So, Cataclysm dropped yesterday. For those unaware, this is the latest expansion for World of Warcraft, and it has successfully drawn me back in. I lost interest a little while after the last expansion (Wrath of the Lich King) and turned my account off for a while, but I turned it back on just before Thanksgiving in anticipation of Cataclysm.
In fairness, most of what I wanted out of the game came in the pre-release patch they issued in November that updated the world and introduced everything but the new content (The ability to level up to 85, opening new zones and so on). That may not seem like much, but it was actually quite huge. Basically, they rewrote the whole setting from the ground up.
In game, they have effectively moved the clock forward. How much is a bit of a question, as I have so far seen indications of it being anything from five to twelve years, but the net result is that the world has changed in ways that are _intensely_ satisfying to someone who paid attention to the lore. Important NPCs have died, boundaries have shifted, and as a result of the eponymous cataclysm, geography has been drastically altered in places.
At the same time, Blizzard has taken the opportunity to fix…well…everything. Virtually every zone has been scrubbed and rebuilt according to the lessons they’ve learned from running the game for six years. They’ve made travel easier, clustered quests more intelligently and removed a lot of the busywork of play without removing all of it. That last is perhaps the most brilliant of them – some busywork is necessary to help maintain the addictive nature of play, but striking just the right balance with it is essential. As an example, I will point to mining.
In play, there are little nodes of metal deposits scattered throughout the world. If your character is a miner, you can click on one of these and, after a few seconds of animation, you’ll get some metal. Originally, you did this once, got one piece of metal, and the node disappeared. The result was that metal was fairly scarce, and at some point Blizzard patched it so you could do this several times per node (usually 3) before it disappeared. This was better, but you had to do the click and wait 3 times. Now, you click and wait, and you get several pieces of metal – the same reward as doing it several times, but without the extended wait. It’s a small fix to a small minigame element, but it’s the kind of attention to detail that makes a game work.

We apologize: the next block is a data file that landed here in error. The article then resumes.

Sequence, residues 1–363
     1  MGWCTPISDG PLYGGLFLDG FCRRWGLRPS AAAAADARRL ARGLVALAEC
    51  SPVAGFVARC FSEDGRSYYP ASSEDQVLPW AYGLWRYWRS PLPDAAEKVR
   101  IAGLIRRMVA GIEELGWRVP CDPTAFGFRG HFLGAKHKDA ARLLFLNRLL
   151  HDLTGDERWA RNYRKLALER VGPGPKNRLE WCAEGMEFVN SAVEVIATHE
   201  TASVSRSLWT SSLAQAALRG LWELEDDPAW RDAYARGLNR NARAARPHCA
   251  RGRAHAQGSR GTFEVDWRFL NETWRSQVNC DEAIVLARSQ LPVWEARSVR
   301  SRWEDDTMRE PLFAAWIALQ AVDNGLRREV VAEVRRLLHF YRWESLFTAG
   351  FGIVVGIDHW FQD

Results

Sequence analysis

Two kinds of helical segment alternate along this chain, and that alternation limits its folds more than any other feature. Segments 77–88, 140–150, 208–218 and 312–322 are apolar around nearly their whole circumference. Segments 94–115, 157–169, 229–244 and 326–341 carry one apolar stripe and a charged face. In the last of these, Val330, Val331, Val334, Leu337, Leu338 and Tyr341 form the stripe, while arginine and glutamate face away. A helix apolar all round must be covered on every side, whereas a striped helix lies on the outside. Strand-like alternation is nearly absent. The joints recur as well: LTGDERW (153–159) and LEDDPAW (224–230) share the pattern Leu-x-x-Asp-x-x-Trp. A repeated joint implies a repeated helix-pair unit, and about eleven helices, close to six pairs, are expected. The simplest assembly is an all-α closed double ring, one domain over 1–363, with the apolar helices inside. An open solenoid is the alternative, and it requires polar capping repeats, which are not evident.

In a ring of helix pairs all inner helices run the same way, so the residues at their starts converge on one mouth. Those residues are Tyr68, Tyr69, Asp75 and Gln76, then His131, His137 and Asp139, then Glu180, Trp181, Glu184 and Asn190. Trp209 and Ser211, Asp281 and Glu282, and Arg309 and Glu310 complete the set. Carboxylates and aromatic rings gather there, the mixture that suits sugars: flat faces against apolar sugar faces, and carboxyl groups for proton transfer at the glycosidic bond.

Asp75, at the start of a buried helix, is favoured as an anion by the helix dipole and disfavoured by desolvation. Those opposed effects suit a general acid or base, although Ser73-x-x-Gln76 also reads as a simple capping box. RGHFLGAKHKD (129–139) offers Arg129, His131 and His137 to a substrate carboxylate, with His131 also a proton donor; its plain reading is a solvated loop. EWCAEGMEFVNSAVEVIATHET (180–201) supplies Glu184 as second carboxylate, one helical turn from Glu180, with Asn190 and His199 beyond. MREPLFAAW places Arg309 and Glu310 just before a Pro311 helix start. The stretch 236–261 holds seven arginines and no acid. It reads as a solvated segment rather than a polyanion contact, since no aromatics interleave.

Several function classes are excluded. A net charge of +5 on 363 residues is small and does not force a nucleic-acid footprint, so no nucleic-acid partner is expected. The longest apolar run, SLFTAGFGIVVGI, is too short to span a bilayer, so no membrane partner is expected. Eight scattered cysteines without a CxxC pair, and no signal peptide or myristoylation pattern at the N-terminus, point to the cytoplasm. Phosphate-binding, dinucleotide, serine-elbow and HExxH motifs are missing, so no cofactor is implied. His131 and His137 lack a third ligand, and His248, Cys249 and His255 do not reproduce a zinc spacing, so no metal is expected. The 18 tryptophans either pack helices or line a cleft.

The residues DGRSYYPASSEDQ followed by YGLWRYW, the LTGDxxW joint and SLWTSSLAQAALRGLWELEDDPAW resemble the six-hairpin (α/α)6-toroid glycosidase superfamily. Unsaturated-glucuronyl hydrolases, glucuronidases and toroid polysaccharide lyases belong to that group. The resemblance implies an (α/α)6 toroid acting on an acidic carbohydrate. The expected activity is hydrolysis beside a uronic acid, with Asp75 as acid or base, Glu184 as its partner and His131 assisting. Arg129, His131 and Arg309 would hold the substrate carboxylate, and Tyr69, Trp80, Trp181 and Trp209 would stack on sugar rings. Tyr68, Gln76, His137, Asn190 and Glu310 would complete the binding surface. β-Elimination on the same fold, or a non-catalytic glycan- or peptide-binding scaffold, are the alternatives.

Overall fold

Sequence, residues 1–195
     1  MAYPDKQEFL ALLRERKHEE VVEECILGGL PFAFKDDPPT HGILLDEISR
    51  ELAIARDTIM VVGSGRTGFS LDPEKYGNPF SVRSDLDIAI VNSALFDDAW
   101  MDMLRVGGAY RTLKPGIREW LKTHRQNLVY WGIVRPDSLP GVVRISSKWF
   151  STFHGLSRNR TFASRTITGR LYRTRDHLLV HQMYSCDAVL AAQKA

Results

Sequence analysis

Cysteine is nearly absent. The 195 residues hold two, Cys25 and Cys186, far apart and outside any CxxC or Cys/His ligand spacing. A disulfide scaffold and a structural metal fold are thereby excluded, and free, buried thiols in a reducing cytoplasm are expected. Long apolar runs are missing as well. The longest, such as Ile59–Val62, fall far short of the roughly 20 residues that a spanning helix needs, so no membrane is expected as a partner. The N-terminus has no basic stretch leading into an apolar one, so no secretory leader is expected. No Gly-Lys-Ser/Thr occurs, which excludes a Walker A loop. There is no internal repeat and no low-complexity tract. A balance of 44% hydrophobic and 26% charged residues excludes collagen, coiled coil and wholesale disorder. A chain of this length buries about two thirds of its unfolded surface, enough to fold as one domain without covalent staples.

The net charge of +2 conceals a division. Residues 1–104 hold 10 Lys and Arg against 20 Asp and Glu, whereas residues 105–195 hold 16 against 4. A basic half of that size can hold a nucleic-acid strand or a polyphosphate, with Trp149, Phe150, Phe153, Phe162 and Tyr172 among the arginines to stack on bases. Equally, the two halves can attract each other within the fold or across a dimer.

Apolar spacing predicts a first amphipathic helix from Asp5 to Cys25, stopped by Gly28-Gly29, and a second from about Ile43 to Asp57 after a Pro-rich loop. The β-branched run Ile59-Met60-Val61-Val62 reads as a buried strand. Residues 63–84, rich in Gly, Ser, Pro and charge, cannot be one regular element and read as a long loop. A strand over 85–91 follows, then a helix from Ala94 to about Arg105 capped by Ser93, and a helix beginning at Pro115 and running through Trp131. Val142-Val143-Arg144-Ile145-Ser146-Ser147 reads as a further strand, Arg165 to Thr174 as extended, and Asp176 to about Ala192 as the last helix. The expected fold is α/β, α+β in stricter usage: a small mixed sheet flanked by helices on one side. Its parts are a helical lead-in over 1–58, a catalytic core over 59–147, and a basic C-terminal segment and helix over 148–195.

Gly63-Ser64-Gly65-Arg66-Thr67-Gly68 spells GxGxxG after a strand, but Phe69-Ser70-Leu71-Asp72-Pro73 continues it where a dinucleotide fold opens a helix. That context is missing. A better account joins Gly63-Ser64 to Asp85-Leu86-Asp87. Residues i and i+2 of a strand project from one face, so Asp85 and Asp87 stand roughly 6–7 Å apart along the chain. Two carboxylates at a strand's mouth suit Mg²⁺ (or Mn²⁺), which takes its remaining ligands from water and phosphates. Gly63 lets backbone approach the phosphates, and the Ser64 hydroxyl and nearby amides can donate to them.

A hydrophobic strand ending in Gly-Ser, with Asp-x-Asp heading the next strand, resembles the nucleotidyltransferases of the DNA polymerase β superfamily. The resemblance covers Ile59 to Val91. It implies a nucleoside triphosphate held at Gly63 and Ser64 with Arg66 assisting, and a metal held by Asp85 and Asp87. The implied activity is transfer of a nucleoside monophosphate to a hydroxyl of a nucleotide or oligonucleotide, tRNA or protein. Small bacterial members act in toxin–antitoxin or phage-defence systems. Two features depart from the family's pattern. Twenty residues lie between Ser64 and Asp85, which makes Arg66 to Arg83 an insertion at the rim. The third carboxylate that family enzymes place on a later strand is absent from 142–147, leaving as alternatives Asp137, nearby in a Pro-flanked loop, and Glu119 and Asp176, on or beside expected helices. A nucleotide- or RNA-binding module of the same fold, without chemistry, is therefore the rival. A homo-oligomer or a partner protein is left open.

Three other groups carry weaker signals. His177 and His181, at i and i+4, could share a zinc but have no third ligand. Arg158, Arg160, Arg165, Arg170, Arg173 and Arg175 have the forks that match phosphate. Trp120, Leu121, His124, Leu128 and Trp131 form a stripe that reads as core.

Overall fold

Even if you never play WoW, there are lesson in Cataclysm that you can probably take back to your game. To my mind, the big three are:
Make Fun Easier With the Right Kind of Challenge – Cataclysm does this by restructuring quests by putting the guy who gives you a quest much closer to where you need to do the quest. Similarly, the game makes it easy for you to find where you need to go to do it. Now, this is not to say that you should start saying that your game should start collecting 10 wolf ears to give to Hornswaggle Beltbuckle, but you should look at the structure of it. Challenges which are difficult, but which have a clear course of action are FAR more satisfying than challenges which are frustrating because the course of action is unclear.